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The "Wisdom" of Hitchhiking

While in the Army stationed in California I was chronically short of cash. As a result I hitch-hiked wherever I wanted to go and I traveled all over the state.

When it came time to be discharged I decided to send my bags home by baggage and hitch-hike back to my home in Nebraska. It turned into quite an experience.

Before leaving the Presidio at San Francisco I had two wisdom teeth pulled. They would not discharge me until my temperature was down. I was in agony by determined not to spend another day in the Army! I ate aspirin like candy until my temperature was down and then went for my final exam. I passed. Later I would wonder if it was a smart move.

My first big adventure came at the small town of Fermly, Nevada, which is just east of Reno. I was let out there and began to think I would never catch a ride. All of a sudden a bright red La Salle went by me going like a bat out of hell. I ignored it and went back to watching for oncoming traffic. All of a sudden I became aware of something coming at me from the back. It was the bright red La Salle backing up at high speed.

The passenger, a short fat lady of about 300 pounds weight, rolled down the window and asked, "Need a ride, soldier?" Why else would I be there, so I popped my bags in the trunk and got in. The driver was a shriveled up little guy that probably weighed 90 pounds and might have stood 5 foot 4 inches. He was the husband of the lady. I sat in the back with a gorgeous, blonde knockout who was their niece. And oh yes, they had a monkey which was running all over the car.

When we took off with spinning wheels and in a cloud of dust we were still accelerating when the wife began to harp to the driver about driving so slow. The driver told me that she was complaining because he would only drive 100 m.p.h. We were soon at that speed and she kept complaining. All the time they kept me amused by telling tall stories, perhaps true, about their nefarious relatives who were horse thieves and outlaws in the early days of Nevada. Of course I was trying to get friendly with the beautiful niece but the monkey wasn't helping that process very much. That was bad enough but it kept getting on the dashboard in front of the driver and passenger who kept trying to chase it to the back seat.

When we got to the top of a pass, the driver suddenly pulled over to the side, crawled out and told his wife to drive. He had had enough of her complaints. She promptly took over and we were off. Sure enough, she had the speedometer pegged at whatever that was. I think it was 120 MPH. Between my aching teeth, the carousing monkey, the distraction of the blonde and the power poles flashing by like a picket fence, the only thing that I could think of was how I was going to get out of this mess.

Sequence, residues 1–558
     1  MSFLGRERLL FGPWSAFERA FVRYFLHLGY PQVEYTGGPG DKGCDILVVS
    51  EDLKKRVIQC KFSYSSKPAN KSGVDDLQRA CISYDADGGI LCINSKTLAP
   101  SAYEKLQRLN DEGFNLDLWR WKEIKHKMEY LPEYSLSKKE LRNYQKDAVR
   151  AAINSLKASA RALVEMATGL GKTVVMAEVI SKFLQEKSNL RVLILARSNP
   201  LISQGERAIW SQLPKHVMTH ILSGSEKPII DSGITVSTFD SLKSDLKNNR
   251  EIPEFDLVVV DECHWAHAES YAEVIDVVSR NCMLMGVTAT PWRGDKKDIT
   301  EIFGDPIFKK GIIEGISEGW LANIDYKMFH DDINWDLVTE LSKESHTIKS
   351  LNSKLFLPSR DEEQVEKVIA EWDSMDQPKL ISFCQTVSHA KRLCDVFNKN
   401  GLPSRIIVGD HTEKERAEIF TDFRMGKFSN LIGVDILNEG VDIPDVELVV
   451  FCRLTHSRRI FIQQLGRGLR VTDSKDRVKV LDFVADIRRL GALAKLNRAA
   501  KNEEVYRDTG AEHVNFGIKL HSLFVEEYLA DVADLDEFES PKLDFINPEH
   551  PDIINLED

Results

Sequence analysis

Fortunately, I had not told them my destination so when we approached Carlin, Nevada, some 240 miles later, I told them that was my destination and they stopped and let me out. I was never so glad to get my feet on the ground. My only regret was that I never made the grade with the niece!

The rest of my trip was anticlimatic. I went to Buhl, Idaho, where I was going to be employed a month later. There the pain became so terrific that I saw a dentist who gave me some pain pills and removed some stitches and sent me on my way.

Going through Colorado, I got a ride with a young man and we had a very pleasant ride. As we were going through the deserted western areas, we saw lots of jack rabbits. He suggested I shoot at them as we were going along. Come to find out he had a loaded .38 sitting on the seat next to us and covered with his jacket. That was somewhat unnerving.

Leaving Colorado Springs I got a ride with in a truck. I had no sooner gotten in than the driver declared he was tired and asked me to drive. When we passed a weigh station he instructed me to drive on by. I did so and kept waiting for the Highway Patrol to pull me over and wondered what I would say when it happened. Fortunately, it never did happen.

I drove to Grand Island where his route took off from mine. After trying for about six hours to get a ride, I called my dad to come and get me. It was only 50 miles from home and I was determined to make it all the way but eventually gave up.

It was a most exciting trip. It was also the last time I ever hitch-hiked! Never again.


P.S. This may sound as if it is a made-up story. I swear to you every word is true



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